TEL AVIV - More and more women in their 20’s and 30’s have stopped taking the pill, and experts say the trend has significantly added to the annual number of abortions being performed in Israel.
When Danielle was 22, she decided to stop taking the pill.
“I was supposed to renew my subscription, but as I didn't have a regular partner, I decided not to bother; it’s not that healthy anyway,” she said.
A few months later, when Danielle began seeing a regular boyfriend, she started taking an interest in a natural lifestyle.
“I wanted to go back to nature and consume less chemicals, I stopped taking pills in general - including analgesics," she said. "I decided there was no reason for me to take a pill that interfered with by body’s natural function.”
Danielle said that what deterred her most were the side effects, such as enlarged breasts, weight gain, excessive hair growth and acne.
She said she gradually discovered that many of her friends had also stopped taking the pill for the same reasons.
So what other measures do these women take to prevent unwanted pregnancies?
Most women use a condom if they don’t have a regular partner, while others resort to the “safe days” method, which is very inaccurate and difficult to calculate.
Side effects outweigh benefits
When asked whether she wasn’t concerned about becoming pregnant, Danielle said the alternative of taking pills was similar to smoking.
“You know it’s not healthy, but you do it anyway. There are thousands of studies on the efficiency of pain relievers and still I choose not to use them. I don’t bleed excessively or have heavy periods, and I don’t believe the responsibility for preventing unwanted pregnancy has to fall on me and not on my partner," she said.
“The pill is unnatural, and when it’s taken everyday, I don’t need it inside me."
Michal, 30, has not taken the pill for years. For her, life without the pill has become a convenient and preferred option.
“The side effects by far outweigh the benefits,” she said. "The pill causes mood swings, weight gain and tenderness in my breasts. The fact that I had to take the pill everyday made me feel ill."
When Michal decided to stop taking the pill, her partner fully supported her decision.
She said the use of condoms has not detracted from their pleasure during sexual intercourse.
Thousands of abortions a year
Like Daniel and Michal, many women feel that regular use of the pill has too many side effects, some fear the gynecological tests, and others don’t take it for religious purposes.
Whatever the reason, some 20,000 legal abortions are carried out every year.
Surveys show that 50 percent of women who had undergone an abortion had not used any kind of contraceptive.
Since the pill came into use in 1960, unwanted pregnancies dropped sharply, however, now the trend is being reversed.
Dr. Dganit Samuel from the Lis Hospital in Tel Aviv said she is familiar with the growing trend of not taking the pill from her work at a local clinic and hospital.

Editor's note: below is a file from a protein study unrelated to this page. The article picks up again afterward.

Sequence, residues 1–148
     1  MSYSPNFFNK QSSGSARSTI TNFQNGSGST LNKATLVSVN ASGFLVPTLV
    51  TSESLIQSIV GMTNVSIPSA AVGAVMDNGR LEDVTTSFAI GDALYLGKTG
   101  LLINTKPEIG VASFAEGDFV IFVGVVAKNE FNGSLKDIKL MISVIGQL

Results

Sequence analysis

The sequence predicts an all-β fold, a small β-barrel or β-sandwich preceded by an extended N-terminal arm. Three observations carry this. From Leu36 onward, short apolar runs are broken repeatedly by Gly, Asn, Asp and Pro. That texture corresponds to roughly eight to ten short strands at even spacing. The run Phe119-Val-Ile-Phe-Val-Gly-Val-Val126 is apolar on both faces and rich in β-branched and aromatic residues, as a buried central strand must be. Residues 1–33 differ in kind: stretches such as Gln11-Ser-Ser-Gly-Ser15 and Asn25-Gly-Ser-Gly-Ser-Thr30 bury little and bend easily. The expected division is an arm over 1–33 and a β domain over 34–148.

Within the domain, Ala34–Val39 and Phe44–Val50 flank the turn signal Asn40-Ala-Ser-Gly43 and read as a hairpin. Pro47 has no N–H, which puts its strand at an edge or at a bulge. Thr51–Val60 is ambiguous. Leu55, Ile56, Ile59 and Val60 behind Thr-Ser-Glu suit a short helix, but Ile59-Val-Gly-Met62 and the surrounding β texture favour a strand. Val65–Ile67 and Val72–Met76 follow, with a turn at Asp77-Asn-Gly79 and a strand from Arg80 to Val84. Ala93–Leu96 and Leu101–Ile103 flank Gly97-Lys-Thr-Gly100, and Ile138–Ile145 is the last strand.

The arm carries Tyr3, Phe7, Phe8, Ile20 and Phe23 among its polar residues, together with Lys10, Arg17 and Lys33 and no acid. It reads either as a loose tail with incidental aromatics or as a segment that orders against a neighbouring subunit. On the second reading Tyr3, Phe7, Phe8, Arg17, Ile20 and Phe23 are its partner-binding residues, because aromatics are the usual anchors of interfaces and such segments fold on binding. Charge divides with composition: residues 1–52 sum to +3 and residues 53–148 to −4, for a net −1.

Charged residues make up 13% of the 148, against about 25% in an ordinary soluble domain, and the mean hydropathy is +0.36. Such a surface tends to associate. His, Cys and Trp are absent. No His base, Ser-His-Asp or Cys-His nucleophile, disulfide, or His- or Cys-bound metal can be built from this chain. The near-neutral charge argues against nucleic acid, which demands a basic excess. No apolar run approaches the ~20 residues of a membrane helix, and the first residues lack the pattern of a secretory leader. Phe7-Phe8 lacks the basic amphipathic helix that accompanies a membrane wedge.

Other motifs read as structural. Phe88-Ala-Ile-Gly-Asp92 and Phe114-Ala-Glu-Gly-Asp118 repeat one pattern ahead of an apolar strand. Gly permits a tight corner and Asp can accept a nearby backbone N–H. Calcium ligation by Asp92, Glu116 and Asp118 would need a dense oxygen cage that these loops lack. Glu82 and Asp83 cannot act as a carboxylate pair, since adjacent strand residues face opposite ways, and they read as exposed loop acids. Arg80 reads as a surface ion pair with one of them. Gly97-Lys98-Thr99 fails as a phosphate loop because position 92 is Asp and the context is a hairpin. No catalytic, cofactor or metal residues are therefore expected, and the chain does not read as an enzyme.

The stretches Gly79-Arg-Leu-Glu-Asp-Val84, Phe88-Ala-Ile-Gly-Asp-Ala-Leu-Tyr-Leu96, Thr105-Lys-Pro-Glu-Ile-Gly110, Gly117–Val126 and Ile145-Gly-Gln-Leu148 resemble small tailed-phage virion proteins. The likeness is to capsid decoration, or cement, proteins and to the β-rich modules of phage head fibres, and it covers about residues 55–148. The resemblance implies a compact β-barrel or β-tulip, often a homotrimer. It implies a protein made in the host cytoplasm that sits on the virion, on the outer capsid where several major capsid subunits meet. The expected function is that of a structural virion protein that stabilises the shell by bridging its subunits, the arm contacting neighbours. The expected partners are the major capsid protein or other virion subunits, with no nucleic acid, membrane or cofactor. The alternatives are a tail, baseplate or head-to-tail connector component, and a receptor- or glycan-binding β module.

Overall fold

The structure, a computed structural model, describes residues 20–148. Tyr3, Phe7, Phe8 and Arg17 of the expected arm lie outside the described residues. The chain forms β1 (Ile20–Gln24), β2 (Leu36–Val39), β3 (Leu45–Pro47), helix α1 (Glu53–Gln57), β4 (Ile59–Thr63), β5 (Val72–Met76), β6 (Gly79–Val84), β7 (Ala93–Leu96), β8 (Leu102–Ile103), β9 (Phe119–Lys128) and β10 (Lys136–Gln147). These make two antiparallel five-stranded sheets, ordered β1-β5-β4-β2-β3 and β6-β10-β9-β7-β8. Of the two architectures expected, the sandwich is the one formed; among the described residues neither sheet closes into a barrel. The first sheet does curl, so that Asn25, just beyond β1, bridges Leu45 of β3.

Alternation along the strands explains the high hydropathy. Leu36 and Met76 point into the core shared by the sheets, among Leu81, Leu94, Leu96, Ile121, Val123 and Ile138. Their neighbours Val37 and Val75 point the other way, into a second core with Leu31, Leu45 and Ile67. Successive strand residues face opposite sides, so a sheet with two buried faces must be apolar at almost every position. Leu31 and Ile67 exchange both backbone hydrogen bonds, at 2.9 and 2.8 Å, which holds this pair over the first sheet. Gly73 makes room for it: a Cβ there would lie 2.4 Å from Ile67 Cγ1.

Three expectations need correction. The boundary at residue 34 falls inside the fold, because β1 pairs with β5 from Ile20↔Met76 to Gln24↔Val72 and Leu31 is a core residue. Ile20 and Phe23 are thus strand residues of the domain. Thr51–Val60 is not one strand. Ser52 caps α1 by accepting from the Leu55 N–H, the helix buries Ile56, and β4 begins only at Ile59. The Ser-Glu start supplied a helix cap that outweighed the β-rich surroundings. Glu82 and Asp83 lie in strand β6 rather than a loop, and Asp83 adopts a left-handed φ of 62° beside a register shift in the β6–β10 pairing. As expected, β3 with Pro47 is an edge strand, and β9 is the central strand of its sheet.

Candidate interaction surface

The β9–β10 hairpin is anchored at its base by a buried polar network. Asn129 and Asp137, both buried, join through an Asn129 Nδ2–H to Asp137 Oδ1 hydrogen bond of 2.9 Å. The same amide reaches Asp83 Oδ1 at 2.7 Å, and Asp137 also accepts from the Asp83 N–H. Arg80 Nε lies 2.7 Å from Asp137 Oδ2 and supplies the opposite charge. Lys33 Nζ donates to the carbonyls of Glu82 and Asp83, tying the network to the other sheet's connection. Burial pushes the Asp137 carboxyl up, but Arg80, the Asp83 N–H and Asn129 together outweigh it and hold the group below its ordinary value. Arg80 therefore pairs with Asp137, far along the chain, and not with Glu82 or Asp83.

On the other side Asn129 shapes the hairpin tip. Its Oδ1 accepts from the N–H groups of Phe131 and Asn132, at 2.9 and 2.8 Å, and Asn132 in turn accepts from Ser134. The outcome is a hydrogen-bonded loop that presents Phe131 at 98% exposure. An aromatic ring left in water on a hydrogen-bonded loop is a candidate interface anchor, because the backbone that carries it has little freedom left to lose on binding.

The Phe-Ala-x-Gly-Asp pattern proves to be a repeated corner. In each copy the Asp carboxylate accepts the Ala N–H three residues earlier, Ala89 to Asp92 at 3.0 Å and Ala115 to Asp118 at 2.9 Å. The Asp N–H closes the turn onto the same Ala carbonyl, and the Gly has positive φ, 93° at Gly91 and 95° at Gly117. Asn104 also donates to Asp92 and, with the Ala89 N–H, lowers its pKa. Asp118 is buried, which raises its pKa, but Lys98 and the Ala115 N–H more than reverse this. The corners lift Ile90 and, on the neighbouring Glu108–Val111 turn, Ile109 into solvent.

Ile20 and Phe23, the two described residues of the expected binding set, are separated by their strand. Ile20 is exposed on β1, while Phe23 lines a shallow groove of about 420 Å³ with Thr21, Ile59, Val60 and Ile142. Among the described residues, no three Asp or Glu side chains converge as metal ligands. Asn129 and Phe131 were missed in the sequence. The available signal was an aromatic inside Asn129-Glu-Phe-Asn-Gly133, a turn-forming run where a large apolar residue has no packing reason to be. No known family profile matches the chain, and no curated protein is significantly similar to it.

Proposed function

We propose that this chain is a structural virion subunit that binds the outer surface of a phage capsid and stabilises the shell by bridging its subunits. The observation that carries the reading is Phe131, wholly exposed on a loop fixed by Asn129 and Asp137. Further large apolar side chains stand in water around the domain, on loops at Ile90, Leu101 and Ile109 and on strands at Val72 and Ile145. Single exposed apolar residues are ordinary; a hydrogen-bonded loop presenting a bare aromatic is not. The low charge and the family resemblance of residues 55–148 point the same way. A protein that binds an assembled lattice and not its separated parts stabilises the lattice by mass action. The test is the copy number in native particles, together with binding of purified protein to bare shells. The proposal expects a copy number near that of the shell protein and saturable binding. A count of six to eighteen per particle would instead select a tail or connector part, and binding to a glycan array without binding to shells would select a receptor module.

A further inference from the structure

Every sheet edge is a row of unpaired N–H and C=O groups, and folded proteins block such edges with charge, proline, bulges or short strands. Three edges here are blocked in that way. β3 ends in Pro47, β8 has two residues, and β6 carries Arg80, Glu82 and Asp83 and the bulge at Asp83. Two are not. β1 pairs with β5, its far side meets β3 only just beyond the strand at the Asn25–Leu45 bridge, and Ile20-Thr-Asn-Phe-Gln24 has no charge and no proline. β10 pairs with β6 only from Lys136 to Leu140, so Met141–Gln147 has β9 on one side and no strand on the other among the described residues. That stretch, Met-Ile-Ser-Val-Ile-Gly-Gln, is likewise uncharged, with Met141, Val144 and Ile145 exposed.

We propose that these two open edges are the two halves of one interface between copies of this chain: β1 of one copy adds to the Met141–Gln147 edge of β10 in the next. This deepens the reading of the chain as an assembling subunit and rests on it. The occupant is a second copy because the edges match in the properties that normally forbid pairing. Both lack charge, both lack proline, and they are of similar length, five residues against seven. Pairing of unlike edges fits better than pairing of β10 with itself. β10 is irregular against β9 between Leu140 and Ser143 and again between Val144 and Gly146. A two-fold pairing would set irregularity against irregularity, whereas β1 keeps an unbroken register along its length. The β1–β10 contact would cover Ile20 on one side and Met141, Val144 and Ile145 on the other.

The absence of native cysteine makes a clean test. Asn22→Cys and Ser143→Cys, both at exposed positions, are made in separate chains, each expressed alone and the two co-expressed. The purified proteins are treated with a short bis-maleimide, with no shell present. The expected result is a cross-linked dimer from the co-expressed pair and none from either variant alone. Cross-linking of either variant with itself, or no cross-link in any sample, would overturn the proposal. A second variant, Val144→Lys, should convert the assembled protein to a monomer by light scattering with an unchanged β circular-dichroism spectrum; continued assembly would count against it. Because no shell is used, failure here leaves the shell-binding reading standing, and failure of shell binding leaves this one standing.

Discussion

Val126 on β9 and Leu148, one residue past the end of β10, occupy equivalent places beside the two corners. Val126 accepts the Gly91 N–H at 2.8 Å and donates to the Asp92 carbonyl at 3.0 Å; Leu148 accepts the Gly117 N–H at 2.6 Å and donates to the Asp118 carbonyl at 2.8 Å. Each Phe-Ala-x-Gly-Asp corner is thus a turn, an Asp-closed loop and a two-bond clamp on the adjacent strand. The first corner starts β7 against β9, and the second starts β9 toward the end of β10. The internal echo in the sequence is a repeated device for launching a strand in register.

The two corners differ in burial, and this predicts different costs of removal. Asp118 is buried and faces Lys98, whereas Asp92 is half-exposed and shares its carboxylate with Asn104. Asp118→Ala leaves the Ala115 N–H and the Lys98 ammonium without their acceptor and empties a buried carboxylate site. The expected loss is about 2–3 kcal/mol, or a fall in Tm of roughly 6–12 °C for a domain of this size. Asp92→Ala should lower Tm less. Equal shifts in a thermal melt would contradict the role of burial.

The pill is safe and by far the best form of contraceptive, and if the pill is properly suited, side effects are minimal, she said.
Dr. Samuel doesn’t recommend the "safe days" method.
“The lifespan of sperm is 48 hours, but there are exceptions, and it has been known for women to become pregnant six days after sexual intercourse,” she said.
“Also, ovulation cannot be calculated exactly. The cycle changes in accordance with a woman's hormonal changes, which can be affected by physical exercise, tension and nutrition."
Returning to nature
Dr. Samuel notes that although many women fear certain side effects, the pill in fact treats excessive hair growth, as well as acne, and includes additional important benefits.
“The pill makes the monthly menstrual cycle much easier to bear," she said.
“Recent surveys have shown that that the pill lessens the frequency of ovarian, uterus and the large intestine cancer, so there are benefits.”
Dr. Samuel did confirm however that the occurrence of blood clots reported in recent years has indeed made the pill unsuitable for some women.
She said doctors must go over the patient’s medical history to avoid prescribing the pill when it is incompatible.
Gynecologist Dr. Motti Dolitzky said the trend to refrain from taking the pill seems to have been generated by too much knowledge available on the internet.
“On the Internet there is no traffic warden telling you whether research is positive or negative, and women tend to reach the conclusion that the pill is bad for them, “ he said.
Dr. Dolitzky said the primary risk of not taking the pill is having to undergo an abortion that involves several risk factors, including excessive bleeding, infection that could cause infertility, perforation of the uterus wall and complications that could cause premature births later on.
“An abortion can damage the uterus and cause infertility, and it is unnecessary. It’s interesting that in the 1960’s the pill liberated women, but now there seems to be a trend to return to nature,” he said.